Such a diagnosis begs the question: How can we become more candid? My pedagogical philosophy supposes that the first step is getting people to realize there are patterns (norms) that create the basic shape of these conversations. Usually (in my experience), people comprehend patterning on the abstract, generalized level before they can recognize how their own thoughts and words fit into one or another theme. Metaphorically, each theme composes a ‘side’ of the overall complex shape (imagine a polygon or a blob, not a simple cube or sphere).

    Maybe there are four or five typical ways of talking about “race” and “racism,” and only one or two ways of talking about “whiteness.” As long as we keep talking about race/racism, we keep those old ways of talking alive (so to speak), which inhibits social/structural change. The more we can shift to talking about whiteness, and expand the range of ways in which we can talk about it, the more we improve the chances of stimulating awareness at the social level, which is a necessary precursor to institutional level changes.

    What I especially appreciate about your comment above is your statement that whiteness is not a distinctly American issue, but one that pervades Western countries. By Western (just to clarify), do you refer specifically to the countries of Western Europe or also to countries previously colonized by the UK, France, Portugal, Spain, etc?

  5. I believe inherently, we are all racists. In fact, I thought it would be a good idea if everyone wore t-shirts declaring ‘I’m a Racist’ and see what kind of discussion that would generate. Of course, you have to have a lot of courage to do that, and be open to the complicated conversation that will ensue.

    To be more candid means we must openly admit that we are confused and ashamed to have that honest conversation, and we must also develop a spirit of curiosity and exploration. I admit I’m a racist. I see people who are not of my race as different, and I hear the stereotypical messages that have pervaded my entire life through the media and the people I grew up with when I am in conversation, or engaging with others who are not like me. I hear these messages of separation when I’m interacting with others of another race or culture. I hear myself saying things that are so obviously culture biased and yes, racist, and I feel a deep shame that I am even going there because it is contrary to how I like to see myself as a citizen of the world.Removing the deep discomfort of this conditioned thinking means to be more conscious of what I say and do, without being hypocritical, or biased. I’m not even sure I’m describing this adequately, but it’s a start.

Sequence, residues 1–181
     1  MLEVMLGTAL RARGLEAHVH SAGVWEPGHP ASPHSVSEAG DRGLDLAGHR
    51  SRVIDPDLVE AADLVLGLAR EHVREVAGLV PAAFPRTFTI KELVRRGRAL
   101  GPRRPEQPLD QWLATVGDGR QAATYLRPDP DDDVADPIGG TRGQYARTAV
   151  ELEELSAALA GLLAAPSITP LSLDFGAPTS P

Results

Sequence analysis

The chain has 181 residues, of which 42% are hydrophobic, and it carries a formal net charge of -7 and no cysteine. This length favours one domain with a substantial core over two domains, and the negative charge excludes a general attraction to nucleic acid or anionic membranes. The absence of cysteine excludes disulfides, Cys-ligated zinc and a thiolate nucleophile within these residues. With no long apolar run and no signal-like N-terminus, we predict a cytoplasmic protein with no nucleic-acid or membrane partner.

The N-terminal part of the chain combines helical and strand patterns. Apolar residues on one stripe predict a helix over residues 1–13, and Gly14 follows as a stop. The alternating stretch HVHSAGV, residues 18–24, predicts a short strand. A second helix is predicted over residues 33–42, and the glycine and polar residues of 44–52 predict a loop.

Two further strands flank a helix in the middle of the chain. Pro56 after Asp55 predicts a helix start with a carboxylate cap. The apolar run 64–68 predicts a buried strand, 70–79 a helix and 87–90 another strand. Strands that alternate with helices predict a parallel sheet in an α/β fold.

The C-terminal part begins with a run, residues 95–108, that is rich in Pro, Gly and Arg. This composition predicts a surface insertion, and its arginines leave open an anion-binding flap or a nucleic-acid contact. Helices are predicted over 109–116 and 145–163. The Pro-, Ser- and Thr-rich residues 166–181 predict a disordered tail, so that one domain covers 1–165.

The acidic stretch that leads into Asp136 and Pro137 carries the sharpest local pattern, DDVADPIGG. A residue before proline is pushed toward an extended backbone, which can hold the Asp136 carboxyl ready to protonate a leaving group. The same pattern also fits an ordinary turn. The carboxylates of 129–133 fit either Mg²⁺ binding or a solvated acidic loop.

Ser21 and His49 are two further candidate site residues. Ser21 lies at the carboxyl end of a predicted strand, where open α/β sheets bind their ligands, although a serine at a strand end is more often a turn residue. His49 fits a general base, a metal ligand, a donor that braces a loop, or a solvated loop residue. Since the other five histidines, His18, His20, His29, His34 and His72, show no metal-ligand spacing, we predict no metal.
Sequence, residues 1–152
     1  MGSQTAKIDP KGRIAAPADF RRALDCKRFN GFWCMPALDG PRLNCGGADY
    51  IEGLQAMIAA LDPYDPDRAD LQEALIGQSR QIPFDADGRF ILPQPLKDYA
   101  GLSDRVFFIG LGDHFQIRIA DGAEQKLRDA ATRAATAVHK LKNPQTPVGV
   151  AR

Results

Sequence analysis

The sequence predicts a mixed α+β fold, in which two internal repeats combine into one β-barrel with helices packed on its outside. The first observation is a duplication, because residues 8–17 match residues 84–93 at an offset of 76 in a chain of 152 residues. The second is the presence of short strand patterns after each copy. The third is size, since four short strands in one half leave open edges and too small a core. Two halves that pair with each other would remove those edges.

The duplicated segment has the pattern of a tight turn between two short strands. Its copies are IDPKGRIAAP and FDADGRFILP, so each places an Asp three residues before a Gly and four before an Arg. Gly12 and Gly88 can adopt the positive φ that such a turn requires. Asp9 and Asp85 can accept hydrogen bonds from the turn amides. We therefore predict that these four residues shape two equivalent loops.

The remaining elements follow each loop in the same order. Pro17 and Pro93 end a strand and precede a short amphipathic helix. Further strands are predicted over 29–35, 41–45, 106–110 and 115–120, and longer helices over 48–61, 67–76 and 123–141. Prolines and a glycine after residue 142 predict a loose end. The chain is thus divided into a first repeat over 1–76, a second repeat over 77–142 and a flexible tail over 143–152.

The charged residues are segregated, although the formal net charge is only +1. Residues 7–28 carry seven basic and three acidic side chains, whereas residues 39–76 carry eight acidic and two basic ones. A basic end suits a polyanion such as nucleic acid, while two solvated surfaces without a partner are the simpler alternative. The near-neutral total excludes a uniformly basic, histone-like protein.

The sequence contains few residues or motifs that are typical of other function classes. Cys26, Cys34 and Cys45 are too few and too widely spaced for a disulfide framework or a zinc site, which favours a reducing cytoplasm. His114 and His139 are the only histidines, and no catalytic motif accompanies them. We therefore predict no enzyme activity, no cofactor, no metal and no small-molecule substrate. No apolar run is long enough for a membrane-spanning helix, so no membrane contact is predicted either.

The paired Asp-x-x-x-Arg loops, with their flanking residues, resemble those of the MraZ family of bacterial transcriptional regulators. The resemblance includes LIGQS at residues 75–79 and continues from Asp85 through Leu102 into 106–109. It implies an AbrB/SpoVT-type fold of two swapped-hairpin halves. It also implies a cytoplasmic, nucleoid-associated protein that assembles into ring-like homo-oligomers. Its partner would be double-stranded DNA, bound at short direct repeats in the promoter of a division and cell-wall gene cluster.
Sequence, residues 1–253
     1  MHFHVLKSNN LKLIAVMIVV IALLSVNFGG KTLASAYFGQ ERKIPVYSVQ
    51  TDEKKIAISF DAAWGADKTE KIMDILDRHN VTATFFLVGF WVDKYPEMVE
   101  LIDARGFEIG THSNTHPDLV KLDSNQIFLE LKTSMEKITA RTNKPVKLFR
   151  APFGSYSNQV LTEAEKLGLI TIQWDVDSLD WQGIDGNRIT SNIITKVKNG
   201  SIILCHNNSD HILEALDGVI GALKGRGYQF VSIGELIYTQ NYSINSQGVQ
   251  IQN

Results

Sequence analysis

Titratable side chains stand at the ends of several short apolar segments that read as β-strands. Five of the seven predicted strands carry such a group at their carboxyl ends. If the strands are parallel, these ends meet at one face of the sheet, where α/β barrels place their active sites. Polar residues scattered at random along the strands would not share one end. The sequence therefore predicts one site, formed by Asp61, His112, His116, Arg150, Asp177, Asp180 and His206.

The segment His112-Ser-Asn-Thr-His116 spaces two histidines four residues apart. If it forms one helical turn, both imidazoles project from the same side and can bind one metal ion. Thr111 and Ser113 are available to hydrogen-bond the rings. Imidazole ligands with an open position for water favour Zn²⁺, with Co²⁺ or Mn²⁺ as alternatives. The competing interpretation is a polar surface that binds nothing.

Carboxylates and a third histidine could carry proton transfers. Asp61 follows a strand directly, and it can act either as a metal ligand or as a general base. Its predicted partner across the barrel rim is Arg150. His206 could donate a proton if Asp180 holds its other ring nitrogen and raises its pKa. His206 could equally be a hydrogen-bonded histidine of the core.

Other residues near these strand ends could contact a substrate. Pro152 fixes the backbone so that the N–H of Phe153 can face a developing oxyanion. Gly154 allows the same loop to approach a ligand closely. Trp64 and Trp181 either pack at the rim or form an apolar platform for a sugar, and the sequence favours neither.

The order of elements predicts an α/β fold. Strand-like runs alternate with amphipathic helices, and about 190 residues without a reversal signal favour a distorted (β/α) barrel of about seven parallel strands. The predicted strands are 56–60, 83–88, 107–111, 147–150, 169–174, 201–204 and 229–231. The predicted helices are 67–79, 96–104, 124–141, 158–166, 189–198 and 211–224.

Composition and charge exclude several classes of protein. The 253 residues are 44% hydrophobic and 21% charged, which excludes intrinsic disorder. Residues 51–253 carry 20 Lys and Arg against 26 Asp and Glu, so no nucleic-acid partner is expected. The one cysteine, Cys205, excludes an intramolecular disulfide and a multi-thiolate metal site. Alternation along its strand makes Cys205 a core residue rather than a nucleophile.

When we speak about “whiteness” we are speaking of privilege, or domination. How do we remove the barriers that exist and have that open conversation. We first of all admit our sense of superiority, and then seek to change it by being open to conversations that will include shame, anger, guilt and anger. All of which may, or may not be justified, none of which is particularly personal, but is definitely societal and cultural.

    The Western notion of “whiteness” is particular to Western Europe, but can also be translated to the previously held colonies by virtue of the fact that there would appear to be a need to emulate many of the traits and habits of their colonizers. However, I think that has changed over the last 30 years or so, as more colonized cultures return to their own homogenous roots, which of course, are complicated because it also involves a mixing of races and cultures, and thus divisions.